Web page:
map(func,iterable)and can be unpacked with for-loops. Additionally I discovered the concept that we can get more than 1 piece of information at a time moving from list/tuple/set to dict iteration, which introduces unpacking. Finally, that non pure python objects like pandas DataFrame also can be iterated through, but because it’s a much more complex object than a dictionary, we have to be aware what is the key and value in that case.
A related concept is that we can iterate through an object using the
list()/tuple()/set()/dict() constructor instead of manually doing for-loop, so
list(df)/tuple(df)/set(df) gives us the columns of a DataFrame because it does a for loop behind the scenes and extracts the keys of the df, which are the columns. Why column names are returned and not row index names is because that is how the DataFrame class is defined to respond to the iteration protocol, which for loops and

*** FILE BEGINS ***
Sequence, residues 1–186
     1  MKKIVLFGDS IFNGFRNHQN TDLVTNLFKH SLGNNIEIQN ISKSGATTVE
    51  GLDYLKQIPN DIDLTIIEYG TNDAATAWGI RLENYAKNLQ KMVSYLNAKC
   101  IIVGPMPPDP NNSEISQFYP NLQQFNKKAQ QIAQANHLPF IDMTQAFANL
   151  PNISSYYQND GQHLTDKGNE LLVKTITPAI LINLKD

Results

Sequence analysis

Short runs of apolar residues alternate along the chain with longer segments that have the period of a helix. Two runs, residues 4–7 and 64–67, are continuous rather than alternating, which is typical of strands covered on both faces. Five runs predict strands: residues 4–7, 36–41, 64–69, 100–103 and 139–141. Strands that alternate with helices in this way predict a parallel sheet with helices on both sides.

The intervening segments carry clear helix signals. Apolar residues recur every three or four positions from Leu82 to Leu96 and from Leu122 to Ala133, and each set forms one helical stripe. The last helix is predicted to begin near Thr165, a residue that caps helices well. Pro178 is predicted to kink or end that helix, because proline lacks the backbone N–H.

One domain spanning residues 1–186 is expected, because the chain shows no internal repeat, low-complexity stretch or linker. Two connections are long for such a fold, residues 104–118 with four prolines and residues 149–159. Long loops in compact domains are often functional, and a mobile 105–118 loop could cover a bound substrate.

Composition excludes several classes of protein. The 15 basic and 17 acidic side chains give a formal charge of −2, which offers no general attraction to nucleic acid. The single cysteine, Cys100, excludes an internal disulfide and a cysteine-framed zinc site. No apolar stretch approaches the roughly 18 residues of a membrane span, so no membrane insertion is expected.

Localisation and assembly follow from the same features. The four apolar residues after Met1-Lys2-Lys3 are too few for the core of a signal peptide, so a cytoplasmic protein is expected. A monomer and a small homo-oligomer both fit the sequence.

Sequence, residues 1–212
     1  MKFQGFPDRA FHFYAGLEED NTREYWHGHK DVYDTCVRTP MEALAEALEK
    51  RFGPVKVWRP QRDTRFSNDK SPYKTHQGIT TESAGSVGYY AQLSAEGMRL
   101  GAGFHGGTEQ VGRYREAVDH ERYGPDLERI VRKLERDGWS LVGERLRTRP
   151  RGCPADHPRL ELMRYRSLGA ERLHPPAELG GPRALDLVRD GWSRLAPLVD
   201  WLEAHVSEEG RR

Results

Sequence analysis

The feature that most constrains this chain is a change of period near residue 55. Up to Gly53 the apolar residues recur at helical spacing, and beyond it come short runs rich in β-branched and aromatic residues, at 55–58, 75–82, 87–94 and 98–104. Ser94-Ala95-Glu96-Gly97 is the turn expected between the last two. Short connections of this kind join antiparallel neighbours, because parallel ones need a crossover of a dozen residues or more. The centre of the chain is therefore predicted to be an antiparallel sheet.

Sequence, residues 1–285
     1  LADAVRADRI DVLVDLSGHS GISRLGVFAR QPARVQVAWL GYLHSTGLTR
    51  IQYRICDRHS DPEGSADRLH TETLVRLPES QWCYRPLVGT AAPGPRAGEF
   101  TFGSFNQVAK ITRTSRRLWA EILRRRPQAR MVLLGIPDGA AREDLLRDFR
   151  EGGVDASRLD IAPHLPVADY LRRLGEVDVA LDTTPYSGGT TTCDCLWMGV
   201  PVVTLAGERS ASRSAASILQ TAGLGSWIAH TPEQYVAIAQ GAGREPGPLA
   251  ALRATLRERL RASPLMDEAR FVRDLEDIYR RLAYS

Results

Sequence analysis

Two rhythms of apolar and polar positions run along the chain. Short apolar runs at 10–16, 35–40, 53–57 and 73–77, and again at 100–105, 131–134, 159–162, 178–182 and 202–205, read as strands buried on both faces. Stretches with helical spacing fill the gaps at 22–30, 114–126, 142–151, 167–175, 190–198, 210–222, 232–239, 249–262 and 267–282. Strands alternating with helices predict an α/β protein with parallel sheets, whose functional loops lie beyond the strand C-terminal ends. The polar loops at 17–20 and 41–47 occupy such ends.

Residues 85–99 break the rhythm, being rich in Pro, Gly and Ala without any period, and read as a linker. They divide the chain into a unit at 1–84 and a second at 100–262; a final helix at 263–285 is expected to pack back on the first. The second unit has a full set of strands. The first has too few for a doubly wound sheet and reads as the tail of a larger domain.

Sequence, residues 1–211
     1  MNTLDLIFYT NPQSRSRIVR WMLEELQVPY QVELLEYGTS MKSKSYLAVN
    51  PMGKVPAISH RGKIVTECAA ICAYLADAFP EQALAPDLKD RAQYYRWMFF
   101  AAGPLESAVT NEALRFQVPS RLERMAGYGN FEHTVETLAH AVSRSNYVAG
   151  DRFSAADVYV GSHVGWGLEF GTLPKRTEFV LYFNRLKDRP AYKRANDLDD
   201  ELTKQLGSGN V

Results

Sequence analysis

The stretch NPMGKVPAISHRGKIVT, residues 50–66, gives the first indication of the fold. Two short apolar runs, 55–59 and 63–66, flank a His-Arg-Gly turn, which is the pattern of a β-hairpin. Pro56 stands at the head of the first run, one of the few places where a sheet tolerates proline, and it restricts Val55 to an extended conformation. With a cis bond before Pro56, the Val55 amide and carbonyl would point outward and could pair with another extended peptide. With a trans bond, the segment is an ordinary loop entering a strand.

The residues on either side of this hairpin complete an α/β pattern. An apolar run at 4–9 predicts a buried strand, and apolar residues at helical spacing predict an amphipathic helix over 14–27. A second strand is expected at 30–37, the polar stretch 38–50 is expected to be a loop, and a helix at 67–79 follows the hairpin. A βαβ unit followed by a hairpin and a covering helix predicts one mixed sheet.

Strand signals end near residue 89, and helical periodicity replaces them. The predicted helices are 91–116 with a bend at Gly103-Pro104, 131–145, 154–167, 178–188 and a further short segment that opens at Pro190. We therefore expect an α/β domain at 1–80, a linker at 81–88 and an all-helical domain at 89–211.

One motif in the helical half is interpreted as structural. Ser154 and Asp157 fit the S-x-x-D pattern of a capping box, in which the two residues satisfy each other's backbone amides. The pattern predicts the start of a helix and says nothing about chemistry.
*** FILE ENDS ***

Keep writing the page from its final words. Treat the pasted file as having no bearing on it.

The for-looping behaviour of
list() if not made aware of, may cause people to think that
[object] are the same. The latter does not unpack but directly wrap to literally construct a list.
When first seeing key parameter of
sorted(iterable, key=func) , I was mindblown that we can calculate statistics before sorting based on those statistics, rather than just sorting the raw items in the iterable. Later I realized that
pd.Series is also a function that can be passed to df.apply() to expand a list of values in a single column per row, into a series with multiple columns per row, which isn’t obvious because we usually use
pd.Series() as a constructor rather than a function to be used by another function.
Expanding on this idea, we do not have to completely write our custom function from scratch, but make use of library functions too as part of our custom function.